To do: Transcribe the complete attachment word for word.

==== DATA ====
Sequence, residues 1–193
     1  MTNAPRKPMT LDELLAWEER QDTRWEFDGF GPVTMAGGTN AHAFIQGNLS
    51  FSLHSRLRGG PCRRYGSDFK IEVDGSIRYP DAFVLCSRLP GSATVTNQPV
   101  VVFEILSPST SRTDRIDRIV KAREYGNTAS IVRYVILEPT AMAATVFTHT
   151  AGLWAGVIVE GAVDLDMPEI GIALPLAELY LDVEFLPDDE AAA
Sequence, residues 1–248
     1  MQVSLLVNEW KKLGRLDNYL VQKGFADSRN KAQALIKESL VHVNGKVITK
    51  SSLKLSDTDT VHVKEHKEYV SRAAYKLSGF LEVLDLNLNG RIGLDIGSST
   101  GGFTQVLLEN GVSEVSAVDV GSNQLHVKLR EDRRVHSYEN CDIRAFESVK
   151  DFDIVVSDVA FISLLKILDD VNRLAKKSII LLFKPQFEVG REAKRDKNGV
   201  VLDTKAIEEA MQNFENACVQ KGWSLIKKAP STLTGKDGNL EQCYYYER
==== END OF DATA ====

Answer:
Sequence, residues 1–193
     1  MTNAPRKPMT LDELLAWEER QDTRWEFDGF GPVTMAGGTN AHAFIQGNLS
    51  FSLHSRLRGG PCRRYGSDFK IEVDGSIRYP DAFVLCSRLP GSATVTNQPV
   101  VVFEILSPST SRTDRIDRIV KAREYGNTAS IVRYVILEPT AMAATVFTHT
   151  AGLWAGVIVE GAVDLDMPEI GIALPLAELY LDVEFLPDDE AAA
Sequence, residues 1–248
     1  MQVSLLVNEW KKLGRLDNYL VQKGFADSRN KAQALIKESL VHVNGKVITK
    51  SSLKLSDTDT VHVKEHKEYV SRAAYKLSGF LEVLDLNLNG RIGLDIGSST
   101  GGFTQVLLEN GVSEVSAVDV GSNQLHVKLR EDRRVHSYEN CDIRAFESVK
   151  DFDIVVSDVA FISLLKILDD VNRLAKKSII LLFKPQFEVG REAKRDKNGV
   201  VLDTKAIEEA MQNFENACVQ KGWSLIKKAP STLTGKDGNL EQCYYYER